Sometimes I think we can be work obsessed, life is more about experience than just work. Having said that, I do work on my games almost every day so that maybe indicates I'm dreaming there :)

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  2. Here's the problem for many, as I see it.

    Unlike the industry of 5 or 10 years now, there's a whole segment of content builders, junior producers and so on who don't have much in the way of traditional skills. While a coder can probably diversify off into applications and an artist or animator can also do that, a scripter or a level designer or senior tester or a game designer really can feel very stuck. I mean "it's this or a job at Burger King" stuck.

    This is further compounded by the fact that many companies with their long hours leave no room for these staff to appreciably train, no real staff support for training (because they want them in those jobs) and wages that really are miserable.

    I'm one of those people. YOu might argue that this is not really the company's fault, and that's true. BUt at the same time, the company's aren't really interested in developing their staff, so you do fall into a rut. I've been in that rut for 5 years now.

    What do I do?

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  3. Gotta stick up for the industry here, a bit.

    We ARE learning agile development. Due to the industry's past it's taken a bit longer than the rest of the software world to figure it out, but we are getting there (as you point out, it makes economic sense for so many reasons, and with game budgets as high as they are, the people with millions to lose are sitting up and taking notice). You speak of the game industry's work/life balance as it was two years ago; times have changed. (I'm sure you noticed the agile development lectures at GDC.)

    Personally, the last time I put in any serious overtime was about a year and a half ago...

    Lack of exciting projects? Depends on the team you're with, but at least you get to pick the company you work for, and the project you're being hired to work on. As you say, it limits your options... but the same is true in the larger world of software dev. Making financial spreadsheet apps for Intuit doesn't exactly excite most people any more than working on Sequel 6: the Game.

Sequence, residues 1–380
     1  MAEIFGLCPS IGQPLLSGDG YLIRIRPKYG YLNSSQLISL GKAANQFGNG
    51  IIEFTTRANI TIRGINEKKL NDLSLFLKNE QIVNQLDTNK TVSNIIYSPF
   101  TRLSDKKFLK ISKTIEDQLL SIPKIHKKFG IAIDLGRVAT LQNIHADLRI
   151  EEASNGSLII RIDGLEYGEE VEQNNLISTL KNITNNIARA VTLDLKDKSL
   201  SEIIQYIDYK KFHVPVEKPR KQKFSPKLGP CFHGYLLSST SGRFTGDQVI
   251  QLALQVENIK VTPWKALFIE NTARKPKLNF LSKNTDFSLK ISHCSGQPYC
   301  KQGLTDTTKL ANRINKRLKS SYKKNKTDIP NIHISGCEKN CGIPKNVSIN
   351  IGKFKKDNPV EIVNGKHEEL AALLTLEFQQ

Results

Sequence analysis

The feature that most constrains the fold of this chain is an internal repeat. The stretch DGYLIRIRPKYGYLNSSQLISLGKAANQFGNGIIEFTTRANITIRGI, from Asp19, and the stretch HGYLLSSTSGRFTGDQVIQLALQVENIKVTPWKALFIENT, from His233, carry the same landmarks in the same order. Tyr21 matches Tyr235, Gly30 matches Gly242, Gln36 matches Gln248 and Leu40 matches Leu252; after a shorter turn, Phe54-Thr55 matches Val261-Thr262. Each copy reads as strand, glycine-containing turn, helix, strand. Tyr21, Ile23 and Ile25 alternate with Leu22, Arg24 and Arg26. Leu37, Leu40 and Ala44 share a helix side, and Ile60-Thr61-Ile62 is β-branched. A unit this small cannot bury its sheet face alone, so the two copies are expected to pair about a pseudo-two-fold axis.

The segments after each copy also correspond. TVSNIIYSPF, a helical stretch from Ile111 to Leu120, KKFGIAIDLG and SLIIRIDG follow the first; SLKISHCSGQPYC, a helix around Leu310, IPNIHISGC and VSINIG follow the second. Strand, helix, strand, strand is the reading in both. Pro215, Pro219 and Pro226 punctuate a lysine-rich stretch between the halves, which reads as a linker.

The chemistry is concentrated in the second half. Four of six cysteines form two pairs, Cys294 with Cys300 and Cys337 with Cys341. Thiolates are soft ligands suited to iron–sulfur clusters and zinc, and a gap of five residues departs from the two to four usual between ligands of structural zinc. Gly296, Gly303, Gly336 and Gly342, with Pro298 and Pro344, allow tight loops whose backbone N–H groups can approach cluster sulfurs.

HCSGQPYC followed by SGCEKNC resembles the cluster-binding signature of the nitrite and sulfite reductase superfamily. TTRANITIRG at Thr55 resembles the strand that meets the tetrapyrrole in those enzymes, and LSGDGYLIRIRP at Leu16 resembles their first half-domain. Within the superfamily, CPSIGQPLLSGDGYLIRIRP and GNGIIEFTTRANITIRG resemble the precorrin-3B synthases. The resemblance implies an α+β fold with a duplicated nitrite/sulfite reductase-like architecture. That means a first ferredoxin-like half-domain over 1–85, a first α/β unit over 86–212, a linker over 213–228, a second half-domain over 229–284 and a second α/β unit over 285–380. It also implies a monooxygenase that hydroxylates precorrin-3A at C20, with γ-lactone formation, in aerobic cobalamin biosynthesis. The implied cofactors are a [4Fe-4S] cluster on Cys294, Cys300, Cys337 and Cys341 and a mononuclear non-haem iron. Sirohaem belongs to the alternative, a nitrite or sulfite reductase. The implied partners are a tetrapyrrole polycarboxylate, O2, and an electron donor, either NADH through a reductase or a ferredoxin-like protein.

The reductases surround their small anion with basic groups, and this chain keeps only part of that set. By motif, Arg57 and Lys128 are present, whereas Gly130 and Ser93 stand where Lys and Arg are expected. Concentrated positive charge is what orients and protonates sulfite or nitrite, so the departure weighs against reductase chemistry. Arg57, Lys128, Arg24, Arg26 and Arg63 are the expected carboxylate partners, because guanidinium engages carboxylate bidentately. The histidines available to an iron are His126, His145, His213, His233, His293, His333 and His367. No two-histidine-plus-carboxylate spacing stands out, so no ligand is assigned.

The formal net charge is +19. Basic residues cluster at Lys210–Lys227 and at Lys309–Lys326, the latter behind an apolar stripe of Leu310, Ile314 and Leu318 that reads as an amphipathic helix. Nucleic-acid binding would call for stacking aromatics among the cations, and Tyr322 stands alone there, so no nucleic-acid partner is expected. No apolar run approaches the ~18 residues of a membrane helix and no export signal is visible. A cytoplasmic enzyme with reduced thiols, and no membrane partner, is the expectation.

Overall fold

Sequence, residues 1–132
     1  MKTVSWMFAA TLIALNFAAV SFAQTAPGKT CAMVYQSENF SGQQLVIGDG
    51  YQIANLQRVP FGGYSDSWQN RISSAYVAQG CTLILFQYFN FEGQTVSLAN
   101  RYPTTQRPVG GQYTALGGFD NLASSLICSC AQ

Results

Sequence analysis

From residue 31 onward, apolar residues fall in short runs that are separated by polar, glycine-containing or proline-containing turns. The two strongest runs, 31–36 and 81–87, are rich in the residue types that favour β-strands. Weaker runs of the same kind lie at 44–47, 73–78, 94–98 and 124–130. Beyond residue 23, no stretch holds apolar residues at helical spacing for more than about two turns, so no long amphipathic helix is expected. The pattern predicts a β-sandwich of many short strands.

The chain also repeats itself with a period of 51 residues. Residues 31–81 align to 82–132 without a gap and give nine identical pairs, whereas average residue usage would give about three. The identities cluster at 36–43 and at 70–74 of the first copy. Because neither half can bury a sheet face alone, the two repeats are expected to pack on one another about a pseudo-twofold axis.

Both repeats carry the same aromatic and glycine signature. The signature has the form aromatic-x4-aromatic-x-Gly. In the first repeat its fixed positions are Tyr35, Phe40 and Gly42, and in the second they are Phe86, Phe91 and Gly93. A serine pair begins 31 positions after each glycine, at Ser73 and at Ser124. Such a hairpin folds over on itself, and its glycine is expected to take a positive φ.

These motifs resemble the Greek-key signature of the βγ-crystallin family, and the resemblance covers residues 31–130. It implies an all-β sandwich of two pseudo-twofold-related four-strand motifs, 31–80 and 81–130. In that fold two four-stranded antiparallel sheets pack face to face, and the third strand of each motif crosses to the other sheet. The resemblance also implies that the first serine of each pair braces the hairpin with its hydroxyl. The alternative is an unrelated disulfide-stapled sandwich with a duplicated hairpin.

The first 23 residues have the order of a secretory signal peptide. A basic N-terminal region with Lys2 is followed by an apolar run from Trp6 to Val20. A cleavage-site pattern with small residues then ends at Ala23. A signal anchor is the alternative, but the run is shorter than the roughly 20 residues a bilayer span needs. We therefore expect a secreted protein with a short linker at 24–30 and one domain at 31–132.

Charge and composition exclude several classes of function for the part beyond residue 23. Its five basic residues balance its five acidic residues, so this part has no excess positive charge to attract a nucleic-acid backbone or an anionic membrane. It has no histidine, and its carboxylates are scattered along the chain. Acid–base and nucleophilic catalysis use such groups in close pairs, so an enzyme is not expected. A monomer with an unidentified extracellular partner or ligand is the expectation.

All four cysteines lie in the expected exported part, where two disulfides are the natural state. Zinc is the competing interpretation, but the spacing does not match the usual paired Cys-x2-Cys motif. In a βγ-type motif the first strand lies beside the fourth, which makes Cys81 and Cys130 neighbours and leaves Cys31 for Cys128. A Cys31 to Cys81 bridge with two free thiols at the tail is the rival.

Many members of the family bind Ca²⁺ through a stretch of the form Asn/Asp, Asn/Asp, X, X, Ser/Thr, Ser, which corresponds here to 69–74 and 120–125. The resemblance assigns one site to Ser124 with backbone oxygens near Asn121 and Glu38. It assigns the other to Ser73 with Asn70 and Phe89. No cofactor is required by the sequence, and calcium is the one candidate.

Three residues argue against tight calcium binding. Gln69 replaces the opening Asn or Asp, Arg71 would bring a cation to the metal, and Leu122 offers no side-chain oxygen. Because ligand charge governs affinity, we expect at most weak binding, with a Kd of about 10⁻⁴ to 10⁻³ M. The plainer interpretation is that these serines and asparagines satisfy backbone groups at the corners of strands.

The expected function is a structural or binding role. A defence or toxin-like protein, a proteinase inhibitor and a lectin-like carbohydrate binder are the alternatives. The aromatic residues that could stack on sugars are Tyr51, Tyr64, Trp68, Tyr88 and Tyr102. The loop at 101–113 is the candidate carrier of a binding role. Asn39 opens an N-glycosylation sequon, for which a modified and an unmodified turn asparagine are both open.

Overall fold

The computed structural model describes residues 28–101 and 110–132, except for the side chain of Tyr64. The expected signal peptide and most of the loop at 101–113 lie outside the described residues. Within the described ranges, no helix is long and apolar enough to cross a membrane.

Pay? Yeah, the pay still sucks. If the big leap forward the past two years has been adoption of agile development methods, the big leap forward of the next few years will be smarter business practice and better financial models that give developers (and not just publishers) the chance to strike it rich on a hit game.

    Remember also that there is another path: hobbyist game development. The tools available for indy teams is nothing short of amazing these days. If you've got a 40-hour week at a non-game company and you're willing to devote 5 or 10 hours a week to a personal game project over the next couple years, that will probably bring you all the joy you were hoping to find in the industry. It has the advantage that you set your own schedule, so no overtime unless you want it; and you choose your own project, so you can make the kind of game you really WANT to work on. Occasionally, pro developers even work on their own personal projects on the side for this same reason.

    Anonymous: If you're in a company that's actively preventing you from moving forward in your career and your life, GET OUT. There are other companies out there with more realistic expectations. Find them, and jump ship. You'd be amazed how much easier it is to get a job in the industry when you already have one, with 5 years experience to back it up...

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  4. Unlike you, I must make games. This is who I am. I could get a higher paid salary easily enough - both in and out of the games industry - as I am pretty qualified for all sorts of positions. But I must make games. It is who I am. Before videogames, I made tabletop role-playing games and board games. Before that, I made playground games. Before that... I have no memories. :)

    However, I warn people thinking of coming into the industry that if they are joining because of a passion for games, they might want to reconsider, as few if any will get to make the games they want to play. Better to get a "real job" and work on games as a hobby.

    Anyway, must fly... Take care!

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  5. I am also *sort-of* a lapsee. But instead of quitting the industry, I went indie, and tried to correct the things that were wrong:
    -Making meaningful games: I made Wildlife Tycoon, an ecosystem game. Kids love it, it's good for the world. Gives me the warm fuzzies.
    -Personal value: I feel like my value is directly tied to my abilities; my skills aren't hidden behind a team of 150 and a movie license.
    -Hours: I haven't pulled an all--nighter since I started a year and a half ago. I still work hard, but starting a company ain't easy.
    -Pay: Not great yet, but earnings potential is much higher. I'm also structuring employee bonuses around royalties rather than stock, which is a more tangible way to reward exployees.

    My life has really turned around, and I'm still doing what I love to do. I feel very lucky. If I hadn't started this company, I would have ended up in business school and probably would have always wondered if I could hav done this.